Arun Jain: It’s all about behaviour
In the interview Arun Jain talks about the qualities that characterize a sustainable city, the challenges and the most promising initiatives that would make the living in cities more sustainable.
Q: What are the three qualities that should characterize a sustainable city?
'Resilience' means 'how do you plan for uncertainty'. Not many of us are actually using planning methodology to tell us about uncertainty. We tend to do planning to avoid uncertainty, when in fact we should be embracing uncertainty and using plans or methods to create the future, and saying if I didn't know anything about the future, what kind of city would I want anyway? Rather than being too obsessive about predicting the future, we should try to create ideal cities that are accumulative over time. And in doing so we actually stand a better chance of dealing with the unknown and uncertainty.
'Balance' is about being proportional in terms of how much emphasis we put on what. So if it is infrastructure, then we have to weigh that infrastructure according to if a greater good coming out from there? Should you put in a road, or would you be better off putting in bycycles, or finding ways of creating compactness?
The issue of strategic priorities is an extension of the previous one about balance, where you have to ask; if I only have so much, what would I do with it in the best possible way? Typically, plans for cities have always been highly aspirational, and that's a problem. We have to get a lot more focus on the question; if there are only a few things that matter, what would they be? When you have that answer, then you try to channel all possible resources to make them really leap the issue of quality of life for people in cities.
Q: What are the challenges that top the to-do list in cities around the world?
We have to rethink housing and community. The way we live and the issue of affordability. The whole issue of how much do I really need versus the issue of how much do I really want. If you look at it from a meta-sustainability perspective, there is no substitute for not consuming at all.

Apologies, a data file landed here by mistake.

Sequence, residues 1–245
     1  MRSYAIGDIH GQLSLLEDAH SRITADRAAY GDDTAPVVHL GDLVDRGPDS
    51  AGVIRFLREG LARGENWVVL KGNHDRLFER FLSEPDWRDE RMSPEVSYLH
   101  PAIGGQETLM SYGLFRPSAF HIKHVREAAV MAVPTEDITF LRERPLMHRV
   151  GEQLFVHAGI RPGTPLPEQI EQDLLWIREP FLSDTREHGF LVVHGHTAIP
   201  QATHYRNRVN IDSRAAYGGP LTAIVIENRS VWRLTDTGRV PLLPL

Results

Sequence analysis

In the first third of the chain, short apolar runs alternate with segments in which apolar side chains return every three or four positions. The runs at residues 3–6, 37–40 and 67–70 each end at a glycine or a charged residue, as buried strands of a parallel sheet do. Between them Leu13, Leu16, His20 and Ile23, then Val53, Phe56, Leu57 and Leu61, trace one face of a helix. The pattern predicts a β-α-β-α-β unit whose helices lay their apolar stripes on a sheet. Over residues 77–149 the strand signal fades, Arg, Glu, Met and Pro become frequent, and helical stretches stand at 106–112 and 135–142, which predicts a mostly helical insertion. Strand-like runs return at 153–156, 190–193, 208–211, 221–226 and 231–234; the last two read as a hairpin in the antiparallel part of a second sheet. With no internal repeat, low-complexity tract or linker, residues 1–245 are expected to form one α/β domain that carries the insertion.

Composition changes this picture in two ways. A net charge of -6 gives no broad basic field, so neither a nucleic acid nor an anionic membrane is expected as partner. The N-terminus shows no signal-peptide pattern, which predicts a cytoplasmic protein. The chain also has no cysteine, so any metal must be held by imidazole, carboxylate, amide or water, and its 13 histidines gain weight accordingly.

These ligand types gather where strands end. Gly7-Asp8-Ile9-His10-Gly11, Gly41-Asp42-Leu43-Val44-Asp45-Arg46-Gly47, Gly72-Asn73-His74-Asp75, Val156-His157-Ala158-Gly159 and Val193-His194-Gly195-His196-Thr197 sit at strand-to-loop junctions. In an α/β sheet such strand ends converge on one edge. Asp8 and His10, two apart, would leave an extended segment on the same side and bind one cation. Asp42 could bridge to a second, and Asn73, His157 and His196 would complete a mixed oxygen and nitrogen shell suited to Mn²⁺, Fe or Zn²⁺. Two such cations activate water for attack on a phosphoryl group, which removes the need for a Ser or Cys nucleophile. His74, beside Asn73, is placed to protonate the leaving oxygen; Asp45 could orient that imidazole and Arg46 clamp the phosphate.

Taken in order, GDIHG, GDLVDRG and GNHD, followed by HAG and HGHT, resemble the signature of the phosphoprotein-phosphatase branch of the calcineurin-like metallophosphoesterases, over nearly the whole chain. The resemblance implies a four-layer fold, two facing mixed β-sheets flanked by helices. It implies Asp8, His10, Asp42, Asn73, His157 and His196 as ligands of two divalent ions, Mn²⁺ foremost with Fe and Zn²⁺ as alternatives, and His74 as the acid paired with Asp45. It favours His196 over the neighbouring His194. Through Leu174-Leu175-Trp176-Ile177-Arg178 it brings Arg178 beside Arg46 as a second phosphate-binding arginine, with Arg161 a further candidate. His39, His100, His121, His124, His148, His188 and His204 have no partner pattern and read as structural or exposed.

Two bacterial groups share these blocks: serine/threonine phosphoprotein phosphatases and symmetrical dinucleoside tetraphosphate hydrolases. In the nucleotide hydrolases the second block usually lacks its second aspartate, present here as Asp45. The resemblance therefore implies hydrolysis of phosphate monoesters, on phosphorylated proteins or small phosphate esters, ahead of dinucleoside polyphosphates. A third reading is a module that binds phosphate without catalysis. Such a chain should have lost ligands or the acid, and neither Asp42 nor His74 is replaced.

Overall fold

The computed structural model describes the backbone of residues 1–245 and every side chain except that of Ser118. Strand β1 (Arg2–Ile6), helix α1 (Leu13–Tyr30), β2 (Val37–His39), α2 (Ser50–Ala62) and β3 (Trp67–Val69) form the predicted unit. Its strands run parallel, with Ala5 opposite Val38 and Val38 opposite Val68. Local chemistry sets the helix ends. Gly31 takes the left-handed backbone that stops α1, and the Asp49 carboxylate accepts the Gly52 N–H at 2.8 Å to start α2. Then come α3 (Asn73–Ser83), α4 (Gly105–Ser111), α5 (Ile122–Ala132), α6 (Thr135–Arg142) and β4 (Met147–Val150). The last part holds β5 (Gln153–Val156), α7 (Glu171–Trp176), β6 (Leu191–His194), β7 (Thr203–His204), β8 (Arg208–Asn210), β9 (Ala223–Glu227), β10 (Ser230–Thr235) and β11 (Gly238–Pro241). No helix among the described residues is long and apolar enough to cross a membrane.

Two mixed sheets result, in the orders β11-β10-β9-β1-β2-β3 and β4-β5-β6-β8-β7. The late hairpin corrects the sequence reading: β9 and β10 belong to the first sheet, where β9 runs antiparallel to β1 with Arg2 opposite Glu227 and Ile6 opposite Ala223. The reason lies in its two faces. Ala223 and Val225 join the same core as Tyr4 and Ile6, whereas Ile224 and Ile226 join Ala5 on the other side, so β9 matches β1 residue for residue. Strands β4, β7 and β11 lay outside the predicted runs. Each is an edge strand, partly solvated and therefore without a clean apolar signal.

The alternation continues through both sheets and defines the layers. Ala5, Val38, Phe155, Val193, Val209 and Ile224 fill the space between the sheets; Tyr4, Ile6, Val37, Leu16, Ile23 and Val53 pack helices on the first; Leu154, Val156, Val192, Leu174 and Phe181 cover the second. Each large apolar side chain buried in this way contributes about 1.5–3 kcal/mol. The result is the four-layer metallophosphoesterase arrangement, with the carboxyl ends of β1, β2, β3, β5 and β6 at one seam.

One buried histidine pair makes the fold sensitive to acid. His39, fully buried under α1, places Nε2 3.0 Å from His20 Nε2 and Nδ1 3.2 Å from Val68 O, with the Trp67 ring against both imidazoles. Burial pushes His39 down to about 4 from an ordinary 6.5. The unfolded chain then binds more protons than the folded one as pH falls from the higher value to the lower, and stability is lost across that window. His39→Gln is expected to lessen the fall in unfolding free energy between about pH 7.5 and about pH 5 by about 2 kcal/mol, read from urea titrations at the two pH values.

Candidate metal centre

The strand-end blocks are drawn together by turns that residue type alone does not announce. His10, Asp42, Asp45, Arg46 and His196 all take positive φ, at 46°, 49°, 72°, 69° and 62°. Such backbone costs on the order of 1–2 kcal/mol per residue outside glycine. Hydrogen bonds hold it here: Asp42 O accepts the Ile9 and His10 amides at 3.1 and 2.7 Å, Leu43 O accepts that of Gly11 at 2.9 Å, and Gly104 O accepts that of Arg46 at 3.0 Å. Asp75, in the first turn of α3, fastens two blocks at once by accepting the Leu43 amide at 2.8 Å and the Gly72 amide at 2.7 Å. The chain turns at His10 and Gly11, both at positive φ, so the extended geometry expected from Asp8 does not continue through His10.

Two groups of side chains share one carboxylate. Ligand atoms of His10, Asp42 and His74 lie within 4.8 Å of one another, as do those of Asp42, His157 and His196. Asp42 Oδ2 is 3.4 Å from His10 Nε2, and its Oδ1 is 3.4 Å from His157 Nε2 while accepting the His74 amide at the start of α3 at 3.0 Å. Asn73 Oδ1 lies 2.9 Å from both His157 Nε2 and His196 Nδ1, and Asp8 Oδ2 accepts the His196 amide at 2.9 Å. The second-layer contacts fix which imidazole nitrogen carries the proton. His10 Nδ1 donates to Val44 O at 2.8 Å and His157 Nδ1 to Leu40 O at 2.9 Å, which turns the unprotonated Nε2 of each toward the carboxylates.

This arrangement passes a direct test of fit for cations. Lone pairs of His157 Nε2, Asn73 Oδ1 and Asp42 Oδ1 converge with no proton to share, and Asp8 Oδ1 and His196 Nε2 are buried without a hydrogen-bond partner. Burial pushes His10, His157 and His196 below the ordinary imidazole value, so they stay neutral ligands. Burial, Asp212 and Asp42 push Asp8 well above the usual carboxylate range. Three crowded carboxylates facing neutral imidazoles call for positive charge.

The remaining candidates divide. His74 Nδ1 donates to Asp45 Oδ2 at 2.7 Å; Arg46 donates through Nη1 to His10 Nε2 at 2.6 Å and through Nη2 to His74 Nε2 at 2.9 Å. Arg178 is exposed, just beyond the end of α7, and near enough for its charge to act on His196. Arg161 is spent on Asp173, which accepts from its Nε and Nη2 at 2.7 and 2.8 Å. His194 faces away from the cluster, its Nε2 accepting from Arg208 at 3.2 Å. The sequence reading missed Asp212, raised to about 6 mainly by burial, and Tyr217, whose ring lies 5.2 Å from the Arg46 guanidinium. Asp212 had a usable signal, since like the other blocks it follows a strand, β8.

Q: What are the most promising initiatives that would make living in cities more sustainable?
I actually tend to think that there is not much that cities can do at the functional level. But there is a lot they can do to position themselves better to deal with the changes that are surely upon us. Cities tend to be better at reacting than they are being proactive. I haven't seen any initiatives out there that really address the core of the problem. In the end, it's all about behaviour, it's not about technology. It's about rationalizing your existing level of consumption. I think it's good, all the initiatives cities have to do more with less, being environmentally sensitive at the same time. I think that by the end of the day it is us, our behaviour and our attitude, and the fact that we live in a society where we define our lifestyle and our meaning of life more on what we want than on what we need.
About Arun Jain
Arun Jain is an urban designer with over 25 years of international experience in practice and academia. Most recently he was Portland, Oregon's first Chief Urban Designer, a position he held for six years. Professionally and as a consultant of many years, Arun works across a wide range of scales, geographies and cultural landscapes around the world. From small nation level decision making tools to new towns to main streets, his approach considers context and integration to foster uniqueness and counter uncertainty. He is also an Adjunct Associate professor at the University of Oregon's urban architecture program in Portland. Earlier he taught for over 10 years at the University of California, Berkeley.
Last updated Tuesday, January 21, 2014